The Statue of Idrimi
The British Museum, 2017

Factum Foundation´s Pedro Miró and Otto Lowe recorded the statue of Idrimi, a 3,500 year-old refugee from Aleppo (Syria), over two consecutive days at the British Museum. Idrimi fled Aleppo as a young man, and after seven years in exile, became King of the ancient city of Alalakh, in Southern Turkey. King Idrimi made a statue of himself, inscribed with 104 lines of cuneiform narrating his biography as well as a curse to anyone who might attempt to destroy the statue.

  • Statue of Idrimi, King of Alalakh
  • Carved in cuneiform, the statue was incribed with Idridmi´s biography in the 16th century BC
  • Recording the statue of King Idrimi at the British Museum

The statue was recorded using two different recording systems to complement the quality of each dataset. The results of the data gathered can be seen in the following 3D model :

Idrimi was first scanend with the Breuckmann smartSCAN 3D, a white light scanner, which records at sub-millimeter resolution. This system projects light patterns onto the surface of an object as two cameras capture and extract 3D information from their projection. The object´s surface is scanned in sections, which are then merged together using OPTOCAT software. As it scans, the system tracks all recording distances, maintaining the scale of the information gathered.

  • Scanning the statue of Idrimi with the Breuckmann smartSCAN 3D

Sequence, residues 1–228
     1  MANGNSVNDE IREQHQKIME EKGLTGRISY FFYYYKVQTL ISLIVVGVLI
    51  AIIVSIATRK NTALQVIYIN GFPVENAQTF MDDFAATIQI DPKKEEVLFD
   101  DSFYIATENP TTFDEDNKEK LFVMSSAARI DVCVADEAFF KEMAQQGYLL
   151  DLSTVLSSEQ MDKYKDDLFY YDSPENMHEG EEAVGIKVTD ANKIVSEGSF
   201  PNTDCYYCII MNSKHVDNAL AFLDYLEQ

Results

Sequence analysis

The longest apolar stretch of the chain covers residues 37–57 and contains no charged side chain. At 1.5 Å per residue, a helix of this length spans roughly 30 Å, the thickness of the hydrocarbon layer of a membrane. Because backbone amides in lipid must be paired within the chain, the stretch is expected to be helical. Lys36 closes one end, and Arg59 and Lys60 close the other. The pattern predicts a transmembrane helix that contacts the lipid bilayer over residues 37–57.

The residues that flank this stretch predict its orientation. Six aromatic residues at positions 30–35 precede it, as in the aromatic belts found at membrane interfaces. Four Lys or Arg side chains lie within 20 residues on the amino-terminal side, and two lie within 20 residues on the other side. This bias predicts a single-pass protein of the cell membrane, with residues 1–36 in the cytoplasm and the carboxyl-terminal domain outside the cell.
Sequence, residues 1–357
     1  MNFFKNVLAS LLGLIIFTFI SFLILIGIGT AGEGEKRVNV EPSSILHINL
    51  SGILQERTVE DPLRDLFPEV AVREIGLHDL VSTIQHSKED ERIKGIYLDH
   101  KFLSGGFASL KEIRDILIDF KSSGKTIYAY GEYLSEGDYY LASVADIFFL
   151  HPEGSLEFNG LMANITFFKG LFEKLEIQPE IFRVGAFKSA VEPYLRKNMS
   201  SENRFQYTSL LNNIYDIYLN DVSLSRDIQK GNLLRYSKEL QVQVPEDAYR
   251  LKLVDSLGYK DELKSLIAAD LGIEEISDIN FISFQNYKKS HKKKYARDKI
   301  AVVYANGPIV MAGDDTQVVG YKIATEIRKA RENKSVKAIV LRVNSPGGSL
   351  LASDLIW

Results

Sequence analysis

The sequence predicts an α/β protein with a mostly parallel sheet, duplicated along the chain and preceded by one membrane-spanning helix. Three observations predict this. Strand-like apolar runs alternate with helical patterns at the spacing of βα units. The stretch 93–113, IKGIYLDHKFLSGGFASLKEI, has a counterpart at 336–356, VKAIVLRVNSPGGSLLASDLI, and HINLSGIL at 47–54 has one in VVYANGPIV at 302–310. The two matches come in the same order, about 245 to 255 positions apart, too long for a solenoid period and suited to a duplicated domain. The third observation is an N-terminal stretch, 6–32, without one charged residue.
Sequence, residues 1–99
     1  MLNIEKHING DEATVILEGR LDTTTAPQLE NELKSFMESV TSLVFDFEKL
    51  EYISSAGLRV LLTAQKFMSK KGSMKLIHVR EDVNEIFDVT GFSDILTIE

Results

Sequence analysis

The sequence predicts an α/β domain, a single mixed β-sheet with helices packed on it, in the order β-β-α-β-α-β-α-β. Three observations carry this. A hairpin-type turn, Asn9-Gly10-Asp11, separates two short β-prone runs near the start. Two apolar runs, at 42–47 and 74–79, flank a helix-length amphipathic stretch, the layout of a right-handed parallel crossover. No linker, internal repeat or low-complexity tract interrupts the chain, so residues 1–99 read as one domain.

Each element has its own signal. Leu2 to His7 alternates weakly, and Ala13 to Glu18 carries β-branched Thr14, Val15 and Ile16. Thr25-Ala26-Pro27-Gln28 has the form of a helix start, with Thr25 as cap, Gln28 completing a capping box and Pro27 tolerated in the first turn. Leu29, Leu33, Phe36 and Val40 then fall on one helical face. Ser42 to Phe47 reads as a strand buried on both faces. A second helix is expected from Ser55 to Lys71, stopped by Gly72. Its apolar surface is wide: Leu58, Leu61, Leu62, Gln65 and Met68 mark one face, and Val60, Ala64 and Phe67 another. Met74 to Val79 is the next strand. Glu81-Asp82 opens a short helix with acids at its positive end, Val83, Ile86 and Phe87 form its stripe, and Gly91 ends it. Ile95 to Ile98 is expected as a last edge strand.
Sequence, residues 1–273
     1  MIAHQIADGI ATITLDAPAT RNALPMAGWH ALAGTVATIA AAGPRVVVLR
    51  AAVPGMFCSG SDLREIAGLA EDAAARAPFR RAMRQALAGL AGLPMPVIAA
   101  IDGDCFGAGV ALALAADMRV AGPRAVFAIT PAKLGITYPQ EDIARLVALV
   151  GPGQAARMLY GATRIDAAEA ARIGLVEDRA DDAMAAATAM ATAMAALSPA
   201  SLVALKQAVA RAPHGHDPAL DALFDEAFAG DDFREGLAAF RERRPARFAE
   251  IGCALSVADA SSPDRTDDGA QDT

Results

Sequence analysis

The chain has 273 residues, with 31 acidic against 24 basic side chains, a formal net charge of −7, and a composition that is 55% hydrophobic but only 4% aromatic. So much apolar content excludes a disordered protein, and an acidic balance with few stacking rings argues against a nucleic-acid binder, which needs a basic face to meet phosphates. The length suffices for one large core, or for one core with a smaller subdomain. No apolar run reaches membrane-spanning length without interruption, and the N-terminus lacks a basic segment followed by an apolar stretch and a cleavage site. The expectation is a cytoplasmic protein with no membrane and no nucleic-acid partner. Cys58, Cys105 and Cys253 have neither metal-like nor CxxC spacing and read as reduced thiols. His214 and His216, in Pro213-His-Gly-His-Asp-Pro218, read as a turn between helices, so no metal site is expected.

The statue of Idrimi was also recorded with close-range photogrammetry, a technique that extracts 3D surface information from an object by taking multiple photographs of the object from different angles. A total of 2500 photographs, each weighing about 8000 x 7000 pixels, were taken with a Canon 5DSR camera to record Idrimi. The quality of both the photogrammetric data and the resulting 3D model depend on the recording proximity to the object, as well as on the level of definition of the captured images. Unlike scanning systems, photogrammetry does not measure scale- the objects must therefore be recorded with known physical reference (i.e. a ruler).

  • Comparison of two recording techniques: 3D model of the top section of the Idrimi sculpture recorded with the Breuckmann smartSCAN 3D
  • 3D model of data recorded with photogrammetry

The model obtained with photogrammetry is as accurate as the structured light model up to 200 microns, meaning that the maximum both models diverge is 0.2 mm. On screen both datasets appear similar but if routed the data recorded nearest to the object is more precise. In certain situations, cultural objects can be recorded with photogrammetry at very close-range producing highly accurate 3D models and physical objects. This reflects the extent to which photogrammetric processing software has increased in its capacity to process thousands of photographs in just a few hours, becoming a viable alternative to more elaborate and expensive scanning systems.

Factum Foundation will donate a facsimile of the statue of Idrimi to UK charity Making Light, and will be part of its exhibition Syria Past and Present. Making Light is dedicated to sharing stories about Syrian culture, heritage and people.

Current Archeology published a review of this project. Read it here.

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